Their current production, in association with Custom Made Theatre, is presented because so much of what Ms. Hansberry said in the ‘50s and ‘60s still needs to be heard today. The official opening night is Tuesday, May 8, at 8 p.m. For information about the run, call (415) 333-6389 or email firstname.lastname@example.org and check http://wehavemet.org.
Lorraine Hansberry was born on May 19, 1930. Her play “A Raisin in the Sun” is read by students throughout our country and around the world. She died on Jan. 12, 1965. Were she alive today she would be 82 on May 19. MET dedicates this production to her memory and to Stanley E. Williams, founding artistic director, and Quentin Easter, founding executive director, of San Francisco’s Lorraine Hansberry Theatre, which was the first theater company to occupy the Gough Street Playhouse. The light grid above the playing area was installed by the Lorraine Hansberry Theatre.
“Bitter Melon” is Raissa Simpson’s site specific work performance, May 25-28 at Dewey Monument, Union Square in downtown San Francisco. Steeped in the cultural histories of San Francisco’s African American and Filipino communities, the work will take place throughout the square’s central plaza with large scale projection onto the monument itself, intermingling performers and public. The work uncovers the hidden realities or parallels in the African American and Filipino cultures. This new performance cracks open questions to the contradictions of life: national and cultural identity, natural disaster and war – the power of loss and redemption.
The free performances will be given Friday, Saturday and Sunday, May 25-27, at 8 p.m. or at sundown. Union Square Park is bordered by Geary, Powell, Post and Stockton streets in San Francisco. For more information about “Bitter Melon,” visit www.pushdance.org or www.deweylive.net.
On the fly
Not in over 30 years has a professional company performed “A Raisin in the Sun” in the Bay Area. Hailed as “one of a handful of great American plays,” this monumental performance is directed by African-American Shakespeare’s L. Peter Callender and runs May 12-27 at the African American Art and Culture Complex’s Buriel Clay Theater, 762 Fulton St., San Francisco. Call (415) 762-2071 or visit www.African-AmericanShakes.org.
AXIS Dance Company performs “Full of Words” at the SFIAF May 12 and 13 at 609 Sutter St., San Francisco, at Marine’s Memorial Theatre. Visit http://www.sfiaf.org or call (415) 399-9554. AXIS commissioned U.K. choreographer Marc Brew to create “Full of Words,” which had its world premiere at the Malonga Center in Oakland last fall. Judith Smith, AXIS’ artistic director, had been following Marc’s career since he became disabled in 1998 in a car accident while on tour with a ballet company in South Africa.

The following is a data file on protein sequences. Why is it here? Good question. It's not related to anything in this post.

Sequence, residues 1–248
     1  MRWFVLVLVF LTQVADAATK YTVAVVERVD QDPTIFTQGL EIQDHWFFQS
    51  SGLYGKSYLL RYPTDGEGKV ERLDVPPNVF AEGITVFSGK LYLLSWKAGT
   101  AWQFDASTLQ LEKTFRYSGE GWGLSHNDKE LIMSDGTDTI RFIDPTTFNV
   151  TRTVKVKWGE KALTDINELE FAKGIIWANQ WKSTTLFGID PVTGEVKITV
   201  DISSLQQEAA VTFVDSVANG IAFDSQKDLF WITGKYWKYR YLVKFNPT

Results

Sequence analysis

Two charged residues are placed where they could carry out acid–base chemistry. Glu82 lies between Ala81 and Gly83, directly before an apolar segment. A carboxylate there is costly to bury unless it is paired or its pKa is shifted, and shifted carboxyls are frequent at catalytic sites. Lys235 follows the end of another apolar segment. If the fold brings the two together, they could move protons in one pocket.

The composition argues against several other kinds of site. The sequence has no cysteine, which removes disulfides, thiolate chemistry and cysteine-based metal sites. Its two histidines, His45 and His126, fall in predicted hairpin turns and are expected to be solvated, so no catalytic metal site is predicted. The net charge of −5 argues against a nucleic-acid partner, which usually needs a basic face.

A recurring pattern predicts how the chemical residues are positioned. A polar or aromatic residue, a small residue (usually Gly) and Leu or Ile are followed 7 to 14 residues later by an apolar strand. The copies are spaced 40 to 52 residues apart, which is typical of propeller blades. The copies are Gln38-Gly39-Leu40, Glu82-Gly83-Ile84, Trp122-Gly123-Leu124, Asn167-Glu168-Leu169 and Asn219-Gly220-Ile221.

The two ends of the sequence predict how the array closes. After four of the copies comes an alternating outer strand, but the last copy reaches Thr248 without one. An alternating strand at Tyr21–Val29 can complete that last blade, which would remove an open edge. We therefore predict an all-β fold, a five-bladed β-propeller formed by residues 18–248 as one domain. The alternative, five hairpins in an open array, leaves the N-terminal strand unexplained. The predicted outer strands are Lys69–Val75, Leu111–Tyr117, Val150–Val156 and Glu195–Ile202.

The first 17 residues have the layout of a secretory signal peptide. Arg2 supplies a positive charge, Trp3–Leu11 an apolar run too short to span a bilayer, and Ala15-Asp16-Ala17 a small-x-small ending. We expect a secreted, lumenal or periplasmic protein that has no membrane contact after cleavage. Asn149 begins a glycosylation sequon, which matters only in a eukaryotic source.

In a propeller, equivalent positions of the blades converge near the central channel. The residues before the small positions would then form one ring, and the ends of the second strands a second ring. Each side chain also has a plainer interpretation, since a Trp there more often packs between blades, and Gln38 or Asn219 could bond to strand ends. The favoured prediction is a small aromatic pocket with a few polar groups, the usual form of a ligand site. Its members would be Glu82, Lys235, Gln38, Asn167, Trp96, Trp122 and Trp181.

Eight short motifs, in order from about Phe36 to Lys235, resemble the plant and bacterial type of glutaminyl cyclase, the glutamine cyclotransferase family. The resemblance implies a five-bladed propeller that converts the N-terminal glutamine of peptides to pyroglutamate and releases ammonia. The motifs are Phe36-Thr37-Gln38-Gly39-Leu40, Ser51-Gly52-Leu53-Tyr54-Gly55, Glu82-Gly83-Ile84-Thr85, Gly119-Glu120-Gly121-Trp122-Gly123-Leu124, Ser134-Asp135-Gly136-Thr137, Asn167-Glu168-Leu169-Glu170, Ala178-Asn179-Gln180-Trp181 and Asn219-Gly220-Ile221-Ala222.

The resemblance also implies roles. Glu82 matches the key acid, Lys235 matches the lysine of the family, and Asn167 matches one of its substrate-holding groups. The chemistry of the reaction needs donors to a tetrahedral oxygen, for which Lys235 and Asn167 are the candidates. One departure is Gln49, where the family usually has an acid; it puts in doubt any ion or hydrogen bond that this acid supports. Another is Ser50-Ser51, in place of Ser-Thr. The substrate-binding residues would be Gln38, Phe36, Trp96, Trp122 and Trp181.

Union Square Live 2012 presents free music, dance, theater and movies in Union Square from April through October at 12:30 and 6 p.m. on Wednesdays and 2 p.m. on Sundays; visit www.unionsquarelive.org or call (415) 477-2610.
The 2012 Yerba Buena Gardens Festival kicks off May 6, 1-2:30 p.m., with the Omar Sosa Afreecanos Quartet. Visit www.ybgfestival.org or call (415) 543-1718 for more detailed information. All events are free.
The world premiere of “Tenderloin,” commissioned by the Cutting Ball Theater, opened there April 27 and runs through May 7. Using transcripts of interviews conducted by seven San Francisco actors, “Tenderloin” takes theater out into the neighborhood and brings the neighborhood into the theater. From these living sketches, a portrait of the Tenderloin itself emerges. Visit http://cuttingball.com/season/11-12/tenderloin/.
Sweet Honey in the Rock
Sweet Honey in the Rock performs at Zellerbach Auditorium at UC Berkeley Sunday, May 6, 7 p.m. Call (510) 642-9988 or visit http://www.calperformances.org/performances/2011-12/world-stage/sweet-honey-in-the-rock.php.
‘From the Inside Out, Food as Medicine’ workshop with Sister Makinyah
Join Sister Makinyah Saturday, May 5, 12-2 p.m., for a healthy organic meal served by Sister Naderi Jomoke. She will share her secrets to longevity and good health. She’s 85 years, 10 months into her life, or 31,355 days. “From the Inside Out: Food as Medicine,” workshop and luncheon will be held at the Harriett Tubman Terrace Apartments, 2870 Adeline St. in Berkeley, across from Berkeley Bowl. The cost is $20 general and $15 for junior high students and seniors. Money orders and checks are accepted. Make them out to Educational Associates. For reservations and information, call (510) 848-0994.
Bay View Arts Editor Wanda Sabir can be reached at email@example.com. Visit her website at www.wandaspicks.com throughout the month for updates to Wanda’s Picks, her blog, photos and Wanda’s Picks Radio. Her shows are streamed live Wednesdays at 6-7 a.m. and Fridays at 8-10 a.m., can be heard by phone at (347) 237-4610 and are archived on the Afrikan Sistahs’ Media Network.